We report on an outbreak of skin and soft tissue infections (SSTI) among kindergarten families. We analyzed the transmission route and aimed to control the outbreak.
The transmission route was investigated by nasal screening for Panton-Valentine leukocidin (PVL)-producing Staphylococcus aureus (PVL-SA), subsequent microbiological investigation including whole genome sequencing and a questionnaire-based analysis of epidemiological information. The control measures included distribution of outbreak information to all individuals at risk and implementation of a Staphylococcus aureus decontamination protocol.
Individuals from 7 of 19 families were either colonized or showed signs of SSTI such as massive abscesses or eye lid infections. We found 10 PVL-SA isolates in 9 individuals. In the WGS-analysis all isolates were found identical with a maximum of 17 allele difference. The clones were methicillin-susceptible but cotrimoxazole resistant. In comparison to PVL-SAs from an international strain collection, the outbreak clone showed close genetical relatedness to PVL-SAs from a non-European country. The questionnaire results showed frequent travels of one family to this area. The results also demonstrated likely transmission via direct contact between families. After initiation of Staphylococcus aureus decontamination no further case was detected.
Citation: Leistner R, Kola A, Gastmeier P, Krüger R, Hoppe P-A, Schneider-Burrus S, et al. (2017) Pyoderma outbreak among kindergarten families: Association with a Panton-Valentine leukocidin (PVL)-producing S. aureus strain. PLoS ONE 12(12): e0189961. https://doi.org/10.1371/journal.pone.0189961
Editor: Karsten Becker, Universitatsklinikum Munster, GERMANY
Received: July 11, 2017; Accepted: December 5, 2017; Published: December 19, 2017
Copyright: © 2017 Leistner et al. This is an open access article distributed under the terms of the Creative Commons Attribution License, which permits unrestricted use, distribution, and reproduction in any medium, provided the original author and source are credited.
Data Availability: Due to data protection of the analyzed patients, imposed by the IRB of our institution, the original data has to remain with the Institute of Hygiene and Environmental Medicine. The institute may be contacted at firstname.lastname@example.org or contact the corresponding author at email@example.com.
Funding: The authors received no specific funding for this work.
Competing interests: The authors have declared that no competing interests exist.
Staphylococcus aureus is the most common cause of community-acquired skin and soft tissue infections (SSTI) . In particular, the development of massive skin abscesses in otherwise healthy individuals is associated with certain strains of community-acquired S. aureus [2, 3]. These strains very often carry a gene-encoding Panton-Valentine leukocidin (PVL). PVL is a porin-like exotoxin that lyses leukocytes and is associated with dermonecrosis in the animal model . In the USA, most isolates from outbreaks resulting from community-acquired Methicillin-resistant S. aureus (CA-MRSA) carry the PVL gene. In Europe, similar outbreaks are often associated with strains of Methicillin-susceptible S. aureus (CA-MSSA) . However, both types of outbreaks occur within similar settings. They generally include close physical contact, the sharing of clothes such as sports or work clothes, or sauna visits [2, 3]. Here, we report an outbreak of pyoderma resulting from PVL-positive MSSA and its control among children in an urban kindergarten and their families in Berlin, Germany.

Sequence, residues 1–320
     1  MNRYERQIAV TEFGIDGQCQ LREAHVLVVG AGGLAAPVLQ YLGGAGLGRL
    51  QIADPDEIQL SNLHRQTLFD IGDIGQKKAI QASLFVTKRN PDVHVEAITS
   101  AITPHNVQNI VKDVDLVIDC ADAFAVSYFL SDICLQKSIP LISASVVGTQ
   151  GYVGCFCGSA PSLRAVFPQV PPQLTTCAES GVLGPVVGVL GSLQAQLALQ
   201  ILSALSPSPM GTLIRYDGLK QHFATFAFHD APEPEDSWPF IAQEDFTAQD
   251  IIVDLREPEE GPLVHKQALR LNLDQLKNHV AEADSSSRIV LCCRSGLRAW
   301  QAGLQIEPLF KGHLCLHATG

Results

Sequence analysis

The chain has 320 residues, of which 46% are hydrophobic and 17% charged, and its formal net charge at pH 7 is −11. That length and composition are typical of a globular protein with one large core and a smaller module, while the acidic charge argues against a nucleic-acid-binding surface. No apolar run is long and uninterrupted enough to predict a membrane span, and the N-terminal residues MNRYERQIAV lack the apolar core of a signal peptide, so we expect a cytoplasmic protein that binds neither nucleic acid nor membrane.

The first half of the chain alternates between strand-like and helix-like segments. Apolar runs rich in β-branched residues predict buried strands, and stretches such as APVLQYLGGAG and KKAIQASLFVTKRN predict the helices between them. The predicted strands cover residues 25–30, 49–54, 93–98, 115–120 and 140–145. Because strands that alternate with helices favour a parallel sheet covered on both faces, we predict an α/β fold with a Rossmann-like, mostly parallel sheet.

This work evolved from a cooperation during an outbreak investigation. Only secondary data from the outbreak scenario was used to conduct this analysis. Written informed consent was obtained from all participants. The provided data was strictly anonymized for analysis and publication.
Exclusively RL and LH had access to the original data from the questionnaires and access to identifying information. As this work arose from routine infection control analyses, the Charité institutional review board waived the necessity of a previous ethics approval (Ethikausschuss 4 Campus Benjamin Franklin, process number EA4/112/17).
In March 2016, we were informed of a cluster of pyoderma cases among children who attended the same kindergarten. We established a multidisciplinary outbreak team to treat affected individuals and started a comprehensive investigation to control the outbreak. We arranged an information meeting with all families in order to discuss transmission routes and possible control measures. We performed a screening for nasal PVL-positive S. aureus (PVL-SA) colonization on all the kindergarten children and teachers. PVL-SA was detected by bacterial culture and subsequent PCR .
The genetical relatedness of the PVL-SA strains was investigated by whole genome sequencing (WGS) at the German National Reference Center (NRC) for Staphylococci and Enterococci at the Robert Koch Institute. Illumina short read sequencing and subsequent bioinformatics analyses using the SeqSphere+ software suite (Ridom, Münster, Germany) were utilized for this analysis.
DNA was isolated utilizing the DNeasy Blood 48 and Tissue Kit (Qiagen), followed by library preparation (Nextera XT Library Prep Kit, Illumina) and Illumina short read sequencing in paired-end on a MiSeq instrument (2x300 bp). Trimmed reads were assembled de novo using the a5-miseq algorithm (Coil et al., Bioinformatics, 2015) and contigs were analyzed by the SeqSphere+ software suite (Ridom, Münster, Germany). Strain relatedness based on core genome MLST (cgMLST) data was inferred from 1790 loci. Allelic differences are defined as novel alleles allocated due to the presence of SNPs, insertions or deletions.
We developed a questionnaire that was distributed among all families of children in the kindergarten (S1 Questionnaire). We inquired about the following subjects: skin infections among family members, chronic skin diseases or other underlying diseases, age, sex, contact with other kindergarten families outside of the kindergarten, pets, and travel abroad.
Initially, we knew of three symptomatic children who had had severe abscesses during the previous weeks. This included recurrent abscesses on fingers, necks, knees, thighs, or ears. In all cases, S. aureus expressing resistance to cotrimoxazole was isolated. The production of PVL in the S. aureus isolates was examined only in one case and found positive. We suspected an outbreak and notified the local health authorities. Twenty-three children from 19 families attended the kindergarten. We found two asymptomatic children carrying PVL-positive S. aureus. All isolates were methicillin-susceptible but cotrimoxazole-resistant. In addition, all household contacts of symptomatic children or children with PVL-SA carriage were contacted and screened for nasal or pharyngeal colonization.